I’ve revised the post since first putting it up, since the point of the two excerpts (assuming the reporting is correct) is that whle the AIG ratings downgrades did trigger the need to post additional collateral, it did not do so for swaps-related exposures. A senior debt downgrade would lead to the need to put up even more collateral for swaps-related exposures.
The New York Times provided a teeny bit of good news on the AIG front, but AIG needs support, pronto, or it will start unraveling:
But none of those downgrades appeared to lead to events requiring A.I.G. to post billions of dollars of collateral to its swap counterparties. Its swap contracts cite downgrades by Moody’s and Standard & Poor’s of A.I.G.’s long-term senior debt ratings, and such changes had not been announced as of Monday evening. Being downgraded by two other widely watched ratings agencies, and having its standing as a counterparty by Standard & Poor’s downgraded, did not bode well for A.I.G., however.
People briefed on the matter said that if JPMorgan and Goldman Sachs were able to raise a $75 billion credit line by Tuesday, it could avert the all-important debt downgrades by Standard & Poor’s and Moody’s. But it was unclear whether they could put together such a complicated package in time.
A.I.G. has also considered sales of virtually all of its business assets, but conducting such sales quickly would be hard.
American International Group Inc. was facing a severe cash crunch last night as ratings agencies cut the firm’s credit ratings, forcing the giant insurer to raise $14.5 billion to cover its obligations….
AIG has been scrambling to raise as much as $75 billion to weather the crisis, and people close to the situation said that if the insurer doesn’t secure fresh funding by Wednesday, it may have no choice but to opt for a bankruptcy-court filing.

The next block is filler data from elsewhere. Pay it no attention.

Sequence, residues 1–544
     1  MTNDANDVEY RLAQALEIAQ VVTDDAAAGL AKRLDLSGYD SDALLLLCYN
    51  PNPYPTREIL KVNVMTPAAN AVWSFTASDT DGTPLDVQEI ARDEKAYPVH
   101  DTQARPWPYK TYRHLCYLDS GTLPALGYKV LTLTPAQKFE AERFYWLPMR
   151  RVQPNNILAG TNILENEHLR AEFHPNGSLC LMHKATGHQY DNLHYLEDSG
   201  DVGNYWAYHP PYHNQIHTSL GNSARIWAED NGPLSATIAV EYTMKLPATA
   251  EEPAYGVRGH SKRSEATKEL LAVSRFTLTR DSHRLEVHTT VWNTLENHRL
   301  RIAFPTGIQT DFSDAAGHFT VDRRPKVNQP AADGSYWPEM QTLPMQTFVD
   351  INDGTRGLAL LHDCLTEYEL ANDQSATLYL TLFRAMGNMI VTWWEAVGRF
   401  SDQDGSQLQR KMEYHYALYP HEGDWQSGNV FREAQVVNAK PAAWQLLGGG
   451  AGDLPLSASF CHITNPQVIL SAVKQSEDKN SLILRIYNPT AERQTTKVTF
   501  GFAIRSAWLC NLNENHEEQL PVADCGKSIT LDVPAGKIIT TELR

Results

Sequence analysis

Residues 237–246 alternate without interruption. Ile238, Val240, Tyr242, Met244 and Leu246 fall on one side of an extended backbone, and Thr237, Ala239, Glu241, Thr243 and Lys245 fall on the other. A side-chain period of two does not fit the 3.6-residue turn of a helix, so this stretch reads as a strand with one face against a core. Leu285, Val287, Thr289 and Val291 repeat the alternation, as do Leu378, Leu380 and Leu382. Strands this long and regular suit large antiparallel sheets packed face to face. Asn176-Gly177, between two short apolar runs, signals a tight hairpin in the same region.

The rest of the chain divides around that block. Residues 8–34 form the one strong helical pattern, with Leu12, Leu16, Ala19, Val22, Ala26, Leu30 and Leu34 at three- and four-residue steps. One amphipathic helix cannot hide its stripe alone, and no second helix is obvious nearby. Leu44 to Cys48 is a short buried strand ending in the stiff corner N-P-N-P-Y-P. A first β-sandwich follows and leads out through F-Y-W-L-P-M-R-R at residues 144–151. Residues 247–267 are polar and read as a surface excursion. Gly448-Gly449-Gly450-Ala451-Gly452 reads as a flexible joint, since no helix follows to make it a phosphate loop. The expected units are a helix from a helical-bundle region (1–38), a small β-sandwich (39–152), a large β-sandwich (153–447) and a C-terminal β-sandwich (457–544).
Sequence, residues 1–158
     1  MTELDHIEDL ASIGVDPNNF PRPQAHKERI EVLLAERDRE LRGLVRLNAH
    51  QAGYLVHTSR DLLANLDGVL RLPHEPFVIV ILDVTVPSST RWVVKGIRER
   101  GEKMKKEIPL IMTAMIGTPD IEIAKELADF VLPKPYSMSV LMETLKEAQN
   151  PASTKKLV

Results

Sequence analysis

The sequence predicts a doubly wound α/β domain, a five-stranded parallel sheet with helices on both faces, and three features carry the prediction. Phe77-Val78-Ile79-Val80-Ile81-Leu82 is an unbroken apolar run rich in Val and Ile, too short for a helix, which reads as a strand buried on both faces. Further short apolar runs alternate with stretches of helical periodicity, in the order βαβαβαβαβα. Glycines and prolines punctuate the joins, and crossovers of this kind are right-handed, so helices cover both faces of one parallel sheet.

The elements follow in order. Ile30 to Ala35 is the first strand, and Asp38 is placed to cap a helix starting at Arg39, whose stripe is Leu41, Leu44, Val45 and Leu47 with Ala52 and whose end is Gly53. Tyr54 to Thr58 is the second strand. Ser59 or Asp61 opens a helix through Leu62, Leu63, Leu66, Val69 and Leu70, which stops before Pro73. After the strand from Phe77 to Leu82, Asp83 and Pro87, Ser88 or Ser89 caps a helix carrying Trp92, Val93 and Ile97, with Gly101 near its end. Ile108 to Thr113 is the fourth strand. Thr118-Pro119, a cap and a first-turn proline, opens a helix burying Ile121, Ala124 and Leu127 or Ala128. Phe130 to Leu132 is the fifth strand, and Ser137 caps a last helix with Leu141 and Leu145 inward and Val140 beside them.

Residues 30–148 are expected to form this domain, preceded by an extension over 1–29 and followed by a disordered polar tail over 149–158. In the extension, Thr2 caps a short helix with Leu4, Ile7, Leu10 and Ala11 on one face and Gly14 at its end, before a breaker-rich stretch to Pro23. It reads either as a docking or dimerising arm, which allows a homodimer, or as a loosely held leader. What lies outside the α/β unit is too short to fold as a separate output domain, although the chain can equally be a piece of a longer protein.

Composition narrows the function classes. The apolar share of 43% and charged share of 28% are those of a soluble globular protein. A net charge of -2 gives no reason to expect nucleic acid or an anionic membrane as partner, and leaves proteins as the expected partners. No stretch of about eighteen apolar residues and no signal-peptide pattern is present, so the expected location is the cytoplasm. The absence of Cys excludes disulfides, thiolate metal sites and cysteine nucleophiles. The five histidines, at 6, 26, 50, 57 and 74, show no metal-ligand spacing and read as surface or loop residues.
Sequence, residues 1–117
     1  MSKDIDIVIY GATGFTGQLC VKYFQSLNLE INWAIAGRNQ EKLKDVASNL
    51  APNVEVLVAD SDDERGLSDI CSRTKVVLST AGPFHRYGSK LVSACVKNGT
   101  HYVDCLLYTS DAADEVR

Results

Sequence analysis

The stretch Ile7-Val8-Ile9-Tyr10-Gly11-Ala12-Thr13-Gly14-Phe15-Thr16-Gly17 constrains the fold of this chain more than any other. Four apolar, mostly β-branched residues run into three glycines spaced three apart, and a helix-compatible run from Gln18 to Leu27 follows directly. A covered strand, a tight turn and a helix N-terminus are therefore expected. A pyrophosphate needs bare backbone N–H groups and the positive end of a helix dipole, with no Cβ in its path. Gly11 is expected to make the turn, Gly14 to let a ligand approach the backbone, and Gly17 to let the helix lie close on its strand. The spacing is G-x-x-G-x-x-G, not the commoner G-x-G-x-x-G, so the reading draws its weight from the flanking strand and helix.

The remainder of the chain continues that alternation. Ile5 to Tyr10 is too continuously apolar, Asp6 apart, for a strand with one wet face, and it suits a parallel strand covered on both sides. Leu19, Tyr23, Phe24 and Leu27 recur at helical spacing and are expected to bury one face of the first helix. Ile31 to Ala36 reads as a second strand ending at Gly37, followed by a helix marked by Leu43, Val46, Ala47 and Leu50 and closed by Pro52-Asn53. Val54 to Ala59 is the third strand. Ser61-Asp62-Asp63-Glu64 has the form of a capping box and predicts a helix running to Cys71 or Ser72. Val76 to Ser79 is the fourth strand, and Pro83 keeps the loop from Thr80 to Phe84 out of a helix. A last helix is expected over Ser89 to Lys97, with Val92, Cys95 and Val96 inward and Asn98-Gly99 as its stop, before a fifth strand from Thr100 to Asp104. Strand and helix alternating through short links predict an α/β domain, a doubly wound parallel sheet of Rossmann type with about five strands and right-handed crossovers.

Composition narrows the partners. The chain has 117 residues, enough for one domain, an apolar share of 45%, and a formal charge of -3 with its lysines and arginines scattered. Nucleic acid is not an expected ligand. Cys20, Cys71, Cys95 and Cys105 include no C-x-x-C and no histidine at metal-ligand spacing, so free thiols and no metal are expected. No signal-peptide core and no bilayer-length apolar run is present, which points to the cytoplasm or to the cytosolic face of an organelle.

“The situation is dire,” a person close to AIG said…..
One sliver of optimism for AIG last night was that much of its exposure is related to credit default swaps….AIG’s counterparties on these instruments include many Wall Street firms, which may have an incentive not to demand more collateral so as not to trigger a wider panic.
But many of AIG’s counterparties are based in Europe and Asia and may have less interest in helping to prop up the firm. The market for credit default swaps is immense, trading against about $62 trillion of debt. Many participants in the largely unregulated market worry that the default of a major player such as AIG could trigger chaos….
Indeed, the company’s woes could pose problems in many corners-a concern that has the federal government on watch. AIG’s massive assets mean that its millions of traditional insurance customers will likely get claims paid, no matter what happens next. But AIG’s shares and debt are widely held, and the firm is used by many companies world-wide to manage a range of risks, including exposure to investments in subprime mortgages. Its demise would potentially make it harder or more expensive for businesses to control their risks.
Originally published at Naked Capitalism and reproduced here with the author’s permission.